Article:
Avoid planting Euonymus japonica because it is highly susceptible to this scale. Plant vigorously growing varieties such as Euonymus kiautschovica ‘Manhattan’ that can better tolerate leaf drop. Less vigorous varieties such as those which are variegated and dwarfed should be mulched and watered adequately during a drought to reduce winter leaf loss. Where possible, heavily infested Euonymus shrubs and hedges should be cut to the ground and the new shoots protected from reinfestations by sprays as needed. Over-fertilization increases scale insect populations.
An imported species of lady beetle, Chilocorus kuwanae, has been successfully established in Maryland to help control this pest. This round, 1/5″ wide, black beetle has two red spots on its’ back. Both the adult and the immature stages of this beetle have a hearty appetite for all stages of Euonymus Scale and research has shown that the can control infestations. When adults of this beetle move to new plants they can bring with them a small mite (Hemisarcoptes malus) that also feeds on the scales. Chemical sprays should only be applied to infested plants that do not have lady beetles on them. In this way, the beneficial insects present will not be eliminated from the entire planting. Horticultural oil sprays cause the least reduction in lady beetle populations.
Dormant sprays with horticultural oil, and summer sprays with oil or insecticides will help control the Euonymus Scale. Spray all parts of the plants thoroughly. Spray the summer rate of horticulture oil when the crawlers (young scales) are present in May through June and then again in late July through September.
Spray in early spring before new growth starts.
Q: 1. My variegated euonymus has lots of little white dots under the leaves and it doesn’t look very healthy. Can you diagnose?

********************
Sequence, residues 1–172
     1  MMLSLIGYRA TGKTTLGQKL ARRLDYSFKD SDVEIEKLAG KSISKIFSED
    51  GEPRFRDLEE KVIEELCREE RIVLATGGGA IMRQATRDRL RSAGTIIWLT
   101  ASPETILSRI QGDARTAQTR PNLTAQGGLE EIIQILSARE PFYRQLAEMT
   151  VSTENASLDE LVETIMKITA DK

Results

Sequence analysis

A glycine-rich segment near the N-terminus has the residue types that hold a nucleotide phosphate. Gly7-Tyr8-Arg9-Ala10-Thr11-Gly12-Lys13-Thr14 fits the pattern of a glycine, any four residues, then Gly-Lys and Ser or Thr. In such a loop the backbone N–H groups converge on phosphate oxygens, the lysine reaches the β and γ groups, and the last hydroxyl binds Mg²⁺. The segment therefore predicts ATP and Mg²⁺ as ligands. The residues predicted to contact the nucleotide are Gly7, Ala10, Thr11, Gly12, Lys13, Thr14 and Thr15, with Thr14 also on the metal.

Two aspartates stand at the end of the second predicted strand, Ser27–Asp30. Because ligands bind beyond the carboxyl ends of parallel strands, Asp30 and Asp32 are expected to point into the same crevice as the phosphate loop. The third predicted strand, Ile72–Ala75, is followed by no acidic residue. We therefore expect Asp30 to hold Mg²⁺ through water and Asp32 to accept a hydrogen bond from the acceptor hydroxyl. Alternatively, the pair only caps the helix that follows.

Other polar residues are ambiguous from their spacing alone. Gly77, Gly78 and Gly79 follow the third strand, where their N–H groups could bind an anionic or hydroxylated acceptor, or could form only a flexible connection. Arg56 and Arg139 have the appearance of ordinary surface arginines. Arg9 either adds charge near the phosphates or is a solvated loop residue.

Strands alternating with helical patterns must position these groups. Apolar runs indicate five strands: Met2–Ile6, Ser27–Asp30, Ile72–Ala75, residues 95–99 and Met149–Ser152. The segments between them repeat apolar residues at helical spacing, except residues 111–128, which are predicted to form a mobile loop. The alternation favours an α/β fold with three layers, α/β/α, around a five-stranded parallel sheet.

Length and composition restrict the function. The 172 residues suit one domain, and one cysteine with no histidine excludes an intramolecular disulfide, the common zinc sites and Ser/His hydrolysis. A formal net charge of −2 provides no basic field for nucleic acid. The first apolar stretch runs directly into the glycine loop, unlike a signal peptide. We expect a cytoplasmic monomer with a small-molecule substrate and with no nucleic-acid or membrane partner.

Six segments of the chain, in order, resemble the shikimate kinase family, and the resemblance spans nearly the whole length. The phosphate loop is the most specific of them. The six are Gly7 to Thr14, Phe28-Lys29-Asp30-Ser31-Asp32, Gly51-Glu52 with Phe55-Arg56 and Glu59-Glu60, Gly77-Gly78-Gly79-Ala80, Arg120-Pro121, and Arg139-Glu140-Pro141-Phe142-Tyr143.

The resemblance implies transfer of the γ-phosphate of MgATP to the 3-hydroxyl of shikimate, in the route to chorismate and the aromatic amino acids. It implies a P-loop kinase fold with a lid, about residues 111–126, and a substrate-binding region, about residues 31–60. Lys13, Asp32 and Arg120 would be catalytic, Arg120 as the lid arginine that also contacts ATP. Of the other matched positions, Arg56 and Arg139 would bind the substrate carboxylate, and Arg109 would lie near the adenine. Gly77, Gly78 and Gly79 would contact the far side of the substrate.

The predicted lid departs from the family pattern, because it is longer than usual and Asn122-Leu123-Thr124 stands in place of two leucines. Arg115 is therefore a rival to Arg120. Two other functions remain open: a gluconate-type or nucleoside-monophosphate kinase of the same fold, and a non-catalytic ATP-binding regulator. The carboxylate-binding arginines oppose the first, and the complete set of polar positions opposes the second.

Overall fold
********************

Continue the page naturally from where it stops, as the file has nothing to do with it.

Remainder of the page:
Q: 2. I have a row of golden euonymus shrubs that have developed scale on the leaves and a few of the short stems. If I cut the back the foliage drastically now, will this harm the shrubs?
A: In my experience, a heavy infestation of scale on euonymus is almost impossible to control without pruning to remove the majority of the leaves and insects first.
Euonymus grows vigorously, so pruning moderately in winter won’t hurt it terribly. You’ll get regrowth in spring and summer.
If your shrub is heavily infested, consider removing it and replacing with a holly or other plant.
If your shrub is only lightly infested, you can try the chemical route.
I recommend applying systemic insecticide in spring and also spraying what’s left of the shrub (after pruning) with three times per year (April, June, January). Be sure to follow label directions for hot weather application.
Also see Euonymus Scale
Tags For This Article: euonymus, insects, pruning
Connecticut State The Connecticut Agricultural Experiment Station
Plant Health Problems
Diseases caused by Fungi:
Powdery mildew, Microsphaera euonymi and M. penicillata.
Powdery appearance of leaves indicates presence of one of these fungi. Infection is favored by hot humid weather.
Control of this disease is usually not necessary since symptoms develop late in the season.
Anthracnose, Colletotrichum gloeosporioides.
Brown to black lesions on the leaves are indicative of anthracnose. Lesions may occur on the stem, and portions of the plant distal to stem lesions frequently die back.
Management of this disease includes raking and removing fallen leaves and pruning to remove stem cankers. Control can also be achieved with the use of fungicides when applied before symptoms are severe. Among compounds registered for use in Connecticut are chlorothalonil and thiophanate-methyl. New research indicates that the fungus may become resistant to copper, so copper-containing compounds should be used on a limited basis, to prevent or delay development of resistance. Consult the label for dosage rates and safety precautions.
Diseases caused by Bacteria:
Crown gall, Agrobacterium tumefaciens.
Roots and running stems may show galls of considerable size. If infection is heavy, plants may be destroyed.
If there are only a few galls, affected stems may be removed. Pruning tools should be disinfected by dipping in dilute alcohol or dilute bleach (a solution of 10% bleach in water) between cuts. New varieties that are more resistant to crown gall are available and should be utilized.
Aphids, Aphis fabae.
The bean aphid occurs on euonymus. There are many generations each year. Eggs are laid in the autumn. They overwinter on various shrubs. For more detail and control measures, see the Aphid fact sheet.
Black vine weevil, Otiorhynchus sulcatus.